Prepositional Adverb

Glossary of Grammatical and Rhetorical Terms

prepositional adverbs
In these two examples, out and in function as prepositional adverbs.

In grammar, a prepositional adverb is an adverb that can also function as a preposition. Unlike an ordinary preposition, a prepositional adverb is not followed by an object.

Prepositional adverbs (also called adverbial particles) are used to form phrasal verbs.

English words that can function as prepositional adverbs include the following:
about, above, across, after, along, around, before, behind, below, between, beyond, by, down, in, inside, near, on, opposite, out, outside, over, past, round, since, through, throughout, under, up, within, without

Examples and Observations

  • "We were playing records, Mama, listening to the radio, just hanging around. Mama, just hanging around."
    (Annie Lou in Waiting for MacArthur, a play by P. Paullette MacDougal. Dramatic Publishing, 2003)
  • "Ring-a-ring-a-roses,
    A pocket full of posies;
    Hush! hush! hush! hush!
    We’re all tumbled down."
    (in Kate Greenaway's Mother Goose or the Old Nursery Rhymes, 1881)
  • "'He called her up,' she said oracularly, 'he called her up, and asked her to keep you at the telephone, so he could talk to Miss Louise. A thankless child is sharper than a serpent's tooth.'"
    (Mary Roberts Rinehart, The Circular Staircase, 1908)
  • "English has frequent verb idioms which consist of a verb and a prepositional adverb, for example tune in, turn on and throw up. . . . As idioms, the meaning of verb + prepositional adverb compounds is not the sum of the two parts: throw up, for example, doesn't involve either throwing or a direction up."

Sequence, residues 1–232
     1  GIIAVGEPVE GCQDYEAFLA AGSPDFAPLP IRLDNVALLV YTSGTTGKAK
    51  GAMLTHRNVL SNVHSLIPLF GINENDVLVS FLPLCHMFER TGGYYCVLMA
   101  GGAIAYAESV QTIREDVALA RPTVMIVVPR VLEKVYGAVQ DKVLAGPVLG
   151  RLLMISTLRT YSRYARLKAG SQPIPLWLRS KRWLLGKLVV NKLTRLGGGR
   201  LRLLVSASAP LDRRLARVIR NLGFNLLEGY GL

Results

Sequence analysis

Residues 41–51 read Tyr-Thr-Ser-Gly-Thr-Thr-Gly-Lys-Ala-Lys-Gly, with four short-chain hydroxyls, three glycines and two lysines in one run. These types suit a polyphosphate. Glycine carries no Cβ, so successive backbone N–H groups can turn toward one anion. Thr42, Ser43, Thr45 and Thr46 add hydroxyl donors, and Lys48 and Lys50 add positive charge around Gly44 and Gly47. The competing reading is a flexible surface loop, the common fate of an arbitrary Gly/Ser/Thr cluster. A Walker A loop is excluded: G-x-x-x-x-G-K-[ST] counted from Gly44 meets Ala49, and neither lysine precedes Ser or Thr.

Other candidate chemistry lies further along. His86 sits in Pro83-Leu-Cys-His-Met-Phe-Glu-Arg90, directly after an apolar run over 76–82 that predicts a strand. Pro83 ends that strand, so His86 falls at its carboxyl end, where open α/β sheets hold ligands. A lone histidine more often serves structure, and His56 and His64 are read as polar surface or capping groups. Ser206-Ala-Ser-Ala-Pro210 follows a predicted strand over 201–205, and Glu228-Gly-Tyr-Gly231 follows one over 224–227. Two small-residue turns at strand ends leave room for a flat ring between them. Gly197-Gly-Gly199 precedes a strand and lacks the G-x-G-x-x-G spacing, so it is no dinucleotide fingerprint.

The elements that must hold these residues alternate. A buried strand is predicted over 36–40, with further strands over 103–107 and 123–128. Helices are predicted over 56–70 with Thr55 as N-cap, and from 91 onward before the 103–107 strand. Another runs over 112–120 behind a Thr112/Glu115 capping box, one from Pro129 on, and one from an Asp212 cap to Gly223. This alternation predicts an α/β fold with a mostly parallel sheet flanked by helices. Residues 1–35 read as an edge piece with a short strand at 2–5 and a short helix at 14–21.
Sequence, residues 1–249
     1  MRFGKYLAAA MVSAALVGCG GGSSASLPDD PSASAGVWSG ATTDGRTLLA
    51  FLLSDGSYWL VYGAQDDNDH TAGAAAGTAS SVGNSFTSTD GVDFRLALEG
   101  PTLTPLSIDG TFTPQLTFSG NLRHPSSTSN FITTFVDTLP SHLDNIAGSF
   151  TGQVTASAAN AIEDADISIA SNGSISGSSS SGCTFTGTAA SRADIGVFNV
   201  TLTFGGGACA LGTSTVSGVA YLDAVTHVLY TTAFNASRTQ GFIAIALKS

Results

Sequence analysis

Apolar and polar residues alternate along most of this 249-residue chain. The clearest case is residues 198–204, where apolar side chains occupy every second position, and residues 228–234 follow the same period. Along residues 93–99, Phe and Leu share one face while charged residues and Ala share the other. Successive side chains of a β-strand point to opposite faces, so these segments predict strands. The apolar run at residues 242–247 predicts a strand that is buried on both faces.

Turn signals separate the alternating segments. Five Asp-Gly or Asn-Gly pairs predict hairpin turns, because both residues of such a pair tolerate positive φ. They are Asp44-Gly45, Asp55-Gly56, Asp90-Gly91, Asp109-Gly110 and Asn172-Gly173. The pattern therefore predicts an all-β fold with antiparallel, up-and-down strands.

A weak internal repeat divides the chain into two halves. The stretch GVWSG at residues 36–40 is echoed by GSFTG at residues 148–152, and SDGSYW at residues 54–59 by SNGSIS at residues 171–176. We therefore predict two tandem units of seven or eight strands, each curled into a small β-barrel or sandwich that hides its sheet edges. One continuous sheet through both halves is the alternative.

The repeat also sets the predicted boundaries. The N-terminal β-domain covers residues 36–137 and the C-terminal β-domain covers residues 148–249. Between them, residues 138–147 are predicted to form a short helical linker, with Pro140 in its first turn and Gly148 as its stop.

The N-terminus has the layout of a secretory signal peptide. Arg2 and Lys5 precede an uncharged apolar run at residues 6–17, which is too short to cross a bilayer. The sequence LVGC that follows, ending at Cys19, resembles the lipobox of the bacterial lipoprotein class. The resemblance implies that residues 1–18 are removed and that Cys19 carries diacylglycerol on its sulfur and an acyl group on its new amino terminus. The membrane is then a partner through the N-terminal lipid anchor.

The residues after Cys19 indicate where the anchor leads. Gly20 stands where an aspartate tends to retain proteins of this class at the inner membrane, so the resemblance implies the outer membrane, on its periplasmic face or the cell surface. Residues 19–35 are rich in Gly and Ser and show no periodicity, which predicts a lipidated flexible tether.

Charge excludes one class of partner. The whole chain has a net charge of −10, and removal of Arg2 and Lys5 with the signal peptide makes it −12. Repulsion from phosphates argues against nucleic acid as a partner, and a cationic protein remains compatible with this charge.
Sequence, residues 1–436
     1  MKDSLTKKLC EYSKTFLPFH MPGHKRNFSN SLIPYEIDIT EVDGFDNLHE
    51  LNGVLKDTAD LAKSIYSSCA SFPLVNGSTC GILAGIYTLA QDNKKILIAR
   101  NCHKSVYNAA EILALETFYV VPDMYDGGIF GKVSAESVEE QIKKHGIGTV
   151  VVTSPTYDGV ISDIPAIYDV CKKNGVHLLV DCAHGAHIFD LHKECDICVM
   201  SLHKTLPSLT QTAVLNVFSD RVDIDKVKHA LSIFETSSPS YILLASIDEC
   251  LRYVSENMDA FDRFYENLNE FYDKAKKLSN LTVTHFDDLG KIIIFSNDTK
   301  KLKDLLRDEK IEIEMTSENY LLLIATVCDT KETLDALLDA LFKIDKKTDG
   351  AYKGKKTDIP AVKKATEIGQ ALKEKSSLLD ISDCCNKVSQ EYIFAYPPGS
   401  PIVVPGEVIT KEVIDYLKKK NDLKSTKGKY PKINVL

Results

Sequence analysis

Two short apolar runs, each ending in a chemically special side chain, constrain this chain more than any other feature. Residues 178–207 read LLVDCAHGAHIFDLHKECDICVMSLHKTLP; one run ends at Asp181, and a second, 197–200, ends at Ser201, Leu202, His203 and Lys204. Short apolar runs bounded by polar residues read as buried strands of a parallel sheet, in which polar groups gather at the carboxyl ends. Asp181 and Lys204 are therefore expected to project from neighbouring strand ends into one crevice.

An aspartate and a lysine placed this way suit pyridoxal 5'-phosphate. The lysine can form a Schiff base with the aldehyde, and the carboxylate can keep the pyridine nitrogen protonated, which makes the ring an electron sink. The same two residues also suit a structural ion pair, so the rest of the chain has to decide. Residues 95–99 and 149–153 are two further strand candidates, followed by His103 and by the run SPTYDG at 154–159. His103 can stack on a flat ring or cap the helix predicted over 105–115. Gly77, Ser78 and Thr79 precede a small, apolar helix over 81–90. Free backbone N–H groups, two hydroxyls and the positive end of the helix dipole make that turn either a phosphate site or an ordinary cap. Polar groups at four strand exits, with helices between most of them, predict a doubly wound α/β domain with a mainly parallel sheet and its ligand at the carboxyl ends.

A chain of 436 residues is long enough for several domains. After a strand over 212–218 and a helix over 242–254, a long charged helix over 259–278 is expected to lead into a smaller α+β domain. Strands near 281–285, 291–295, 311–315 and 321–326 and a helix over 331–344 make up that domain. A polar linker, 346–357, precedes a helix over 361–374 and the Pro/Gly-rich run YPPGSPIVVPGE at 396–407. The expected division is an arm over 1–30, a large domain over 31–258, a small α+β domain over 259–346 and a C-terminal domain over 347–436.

(Grover Hudson, Essential Introductory Linguistics. Blackwell, 2000)

    "Pure" Prepositions and Prepositional Adverbs

    "The difference between the pure preposition and the prepositional adverb is illustrated by the following two sentences:

    He ran up the stairs.
    He ran up a bill.

    In the first sentence stairs is the object of up, and the whole phrase up the stairs is an adverbial prepositional phrase modifying the verb ran.

    In the second sentence bill is not the object of up, nor is up a bill a prepositional phrase modifying the verb. It is best to regard up as an adverb modifying ran and bill as the noun object of ran."
    (George Philip Krapp, The Elements of English Grammar. Charles Scribner's, 1908)

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    Your Citation
    Nordquist, Richard. "Prepositional Adverb." ThoughtCo, Apr. 22, 2017, Nordquist, Richard. (2017, April 22). Prepositional Adverb. Retrieved from Nordquist, Richard. "Prepositional Adverb." ThoughtCo. (accessed May 26, 2018).